Green Kids Fields at Glastonbury
9. There's also a whole lovely craft area, with plenty more to see and stimulate in Green Futures, and the Green Fields. I'm ashamed to say, that we've never spent enough time there to be able to tell you what to do! So, i'll have to try harder on that one. I know you can widdle spoons, there's a sandpit, a camp fire and various ways to get yourself healed!
10. Transport and what to choose, we mulled this one over a lot. My son is too big for a pushchair, and hadn't really been in one for two years by this point. We plumped for a bike trailer though, and picked up a cheap one online, which we had to fully assemble when we arrived as it didn't fold up. However, fantastic for transporting children and/or stuff, you could fit two kids in there side-by-side, but they'll both have to sleep sitting up. Also, top tip, don't let your fully grown friends have a go as we ended up with a wonky clown wheel after day 1 - whoops. Look for something with big wheels, and that you can push, rather than pull. Even if it's dry, the terrain of Glastonbury is rocky, or wood chipped, hilly and uneven. And if it's muddy, it's a 1000 times worse! Popular choices on site were bike trailers, which can be hired from Kids Bike Trailers, Out & About Nipper Sports, & Phil & Teds Double - anything with big wheels and the front wheel isn't fixed! My boy took to having 3-4 hour taps in his trailer, just after lunch. Which meant he'd then nod off for the night at around 10pm - but time isn't really a thing here anyway.... just go with it.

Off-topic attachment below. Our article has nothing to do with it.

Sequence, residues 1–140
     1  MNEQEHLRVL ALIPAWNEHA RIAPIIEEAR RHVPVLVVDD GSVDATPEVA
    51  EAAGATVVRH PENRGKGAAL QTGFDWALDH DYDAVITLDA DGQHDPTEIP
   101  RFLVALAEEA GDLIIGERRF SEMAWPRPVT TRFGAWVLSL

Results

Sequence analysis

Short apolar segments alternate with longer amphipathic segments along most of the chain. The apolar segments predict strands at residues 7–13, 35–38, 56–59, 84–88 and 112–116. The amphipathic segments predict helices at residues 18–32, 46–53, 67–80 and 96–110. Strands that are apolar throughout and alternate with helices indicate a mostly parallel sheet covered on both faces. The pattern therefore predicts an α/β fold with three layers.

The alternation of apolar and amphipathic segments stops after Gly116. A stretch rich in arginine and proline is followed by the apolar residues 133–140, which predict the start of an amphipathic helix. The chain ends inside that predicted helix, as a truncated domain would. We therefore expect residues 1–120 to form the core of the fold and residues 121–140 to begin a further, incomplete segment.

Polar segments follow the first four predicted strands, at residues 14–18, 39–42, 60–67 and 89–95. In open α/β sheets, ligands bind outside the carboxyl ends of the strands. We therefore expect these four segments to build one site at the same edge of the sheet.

What kids transport to take to GlastonburyOne of his many naps.... 
You could also choose a carrier, we hired a Tula pre-school carrier from Nottingham Sling Library. With the intention of negotiating crowds with him attached to us by day (and leaving the trailer in a property lock up) and using the trailer at night. That plan didn't work out, he went into the carrier once, to watch one of my favourite bands Sports Team at the John Peel Stage... and fell asleep about one song in. 
Pre School Toddler Carrier at Glastonbury
Napping in the Tula Carrier
We also tried one of the Minimeis shoulder carriers, that i'd seen advertised everywhere, thinking he's be safer on our shoulders and feel more secure in one of those, get us into the crowds, clap along. He gave it a go once, bribed with a fruit pastille ice lolly, during Idles, but that was it. He was a bit big for it, even though it says it can be used for up to 5 year olds, also, worth noting if you've been eyeing one up - they're not designed to be used by people with boobs! 
Minimeis Shoulder Carrier at Glastonbury with a 4 year old Minimeis Shoulder Carrier

In hindsight, i'd stick with just the bike trailer and bare shoulders, if we could just convince him to go up there.

11. Right the, down to the nitty gritty - does taking your kid make festivals shitty?
Well, this is going to be an honest blog, so potentially yes. My child was not up for it, he had no interest in seeing bands, or riding on shoulders or exploring. However, this is what we did to make sure everyone got a bit of what they wanted! 
Taking a 3 year old to Glastonbury